There have been many Batman stories that stand out for me. I’m sure some of you would think “The Dark Knight Returns” series would be up there, but not really. For me it’s “The Killing Joke” one-shot comic (the animated movie was a disappointment), seconded by “A Death In The Family”. For live-action, it would have to be a three-way tie between the Michael Keaton “Batman” and “Batman Returns” movies and the Christian Bale “Batman Begins”.
The animated movies are difficult because there have been so many variations. Warner Animated Group has been trying to get a definitive “DC Animated Universe” storyline of late, so their reinterpretations of classic Batman stories have been filtered through that. The latest is “Batman: Hush” and that was something of a disappointment at the end (and worth a forthcoming review). But then they turn around and come up with all the other variant stories, including bringing in some classic 60’s-style Batman stories featuring the voices of Burt Ward and the late Adam West.
Having said that, here is my list of animated Batman favorites…
“The Fear” from “The Super Powers Team: Galactic Guardians” cartoon series. Voiced by the late Adam West as Batman, this episode dealt with Batman facing his “one and only fear”, which was the alleyway where his parents were murdered. When Scarecrow realizes that the “man without fear” actually has one, he tries to use it to bring down Batman. What makes this episode stand out is that we see Batman’s origins and how he become Batman that deals with more than just making devices.
“Batman: Year One”. Voiced by Bryan Cranston and Ben McKenzie (“Gotham), this animated movie focuses more on Jim Gordon’s (Cranston) rise in the police ranks as it mirrors the first year of Bruce Wayne’s war on crime as Batman (McKenzie). Some of the most memorable scenes in “Year One” (as taken from the original comic series) would be duplicated in “Batman Begins”.
“Batman: Under The Red Hood”. Voiced by Bruce Greenwood and Jensen Ackles, this adaptation of the comic storyline brings Batman face-to-face with a new villain who knows everything Batman does, and with good reason. The original story behind the “new” Red Hood was convoluted in the comics, partially because of the “Hush” storyline and also because of “Superboy-Prime punched the wall of reality”, but WAG actually came up with a coherent version of the story that was able to highlight everything Batman is.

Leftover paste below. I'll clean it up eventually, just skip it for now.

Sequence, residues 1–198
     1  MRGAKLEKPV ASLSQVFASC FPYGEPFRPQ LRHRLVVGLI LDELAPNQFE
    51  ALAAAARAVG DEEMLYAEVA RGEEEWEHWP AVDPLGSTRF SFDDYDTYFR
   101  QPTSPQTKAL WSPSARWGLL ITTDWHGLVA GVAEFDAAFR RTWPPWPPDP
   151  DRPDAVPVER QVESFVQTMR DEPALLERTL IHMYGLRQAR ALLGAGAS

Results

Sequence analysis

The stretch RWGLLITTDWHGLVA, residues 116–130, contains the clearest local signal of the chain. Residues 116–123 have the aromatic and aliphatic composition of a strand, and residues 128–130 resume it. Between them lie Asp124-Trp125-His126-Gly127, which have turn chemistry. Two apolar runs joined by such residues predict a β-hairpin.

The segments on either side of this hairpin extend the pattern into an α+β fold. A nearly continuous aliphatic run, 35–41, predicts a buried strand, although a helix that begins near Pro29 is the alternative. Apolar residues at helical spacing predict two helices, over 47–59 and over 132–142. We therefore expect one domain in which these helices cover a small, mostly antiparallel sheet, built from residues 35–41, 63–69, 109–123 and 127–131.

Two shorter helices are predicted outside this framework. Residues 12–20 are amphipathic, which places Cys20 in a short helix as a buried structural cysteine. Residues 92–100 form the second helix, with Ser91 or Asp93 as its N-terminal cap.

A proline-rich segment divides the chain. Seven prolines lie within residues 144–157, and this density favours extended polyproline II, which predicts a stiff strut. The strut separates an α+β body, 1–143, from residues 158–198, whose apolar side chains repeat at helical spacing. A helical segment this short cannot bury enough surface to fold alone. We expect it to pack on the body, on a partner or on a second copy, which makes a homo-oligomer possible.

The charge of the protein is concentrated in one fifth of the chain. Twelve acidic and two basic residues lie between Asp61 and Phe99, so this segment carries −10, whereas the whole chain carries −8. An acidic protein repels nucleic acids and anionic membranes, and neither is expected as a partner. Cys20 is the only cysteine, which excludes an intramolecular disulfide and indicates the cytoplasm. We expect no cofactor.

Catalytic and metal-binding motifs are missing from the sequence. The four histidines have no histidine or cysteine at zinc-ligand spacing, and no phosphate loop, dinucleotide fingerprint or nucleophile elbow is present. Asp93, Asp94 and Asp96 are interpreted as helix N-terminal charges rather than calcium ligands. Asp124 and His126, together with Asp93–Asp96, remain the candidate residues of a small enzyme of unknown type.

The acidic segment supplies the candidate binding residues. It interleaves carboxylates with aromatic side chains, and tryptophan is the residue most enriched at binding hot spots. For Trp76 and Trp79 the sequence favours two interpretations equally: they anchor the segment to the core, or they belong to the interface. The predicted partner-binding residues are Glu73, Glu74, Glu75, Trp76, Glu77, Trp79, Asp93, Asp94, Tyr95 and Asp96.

“Batman Beyond: The Return of the Joker”. Set in the future, an elderly Bruce Wayne seeks to win back control of his own company. At the same time, his old enemy, the Joker, returns to cause violence and destruction. It’s up to Bruce’s latest protégée, Terry McGinnis, to deal with his greatest enemy. While the new Batman is pretty much a proxy for the elderly Bruce Wayne, we still get to the heart of who Batman is.
But perhaps the best Batman animated story, bar none, is…
“Batman: Mask of the Phantasm”. This 1993 animated movie based on the animated series on the WB network actually ran in theaters and did pretty well. In this story, Gotham is visited by a new vigilante, one that is killing mob bosses. At the same time, Bruce Wayne reunites with the woman that almost changed his life completely. The story and animation are without equal, as well as the vocal talents, which include Kevin Conroy, Mark Hamill, Stacy Keach, Abe Vigoda, Dana Delany, and Efrem Zimbalist Jr.
All of these are currently available on the DC Universe streaming service, and I certainly recommend subscribing if you are a fan of Batman or just a fan of DC superheroes in general.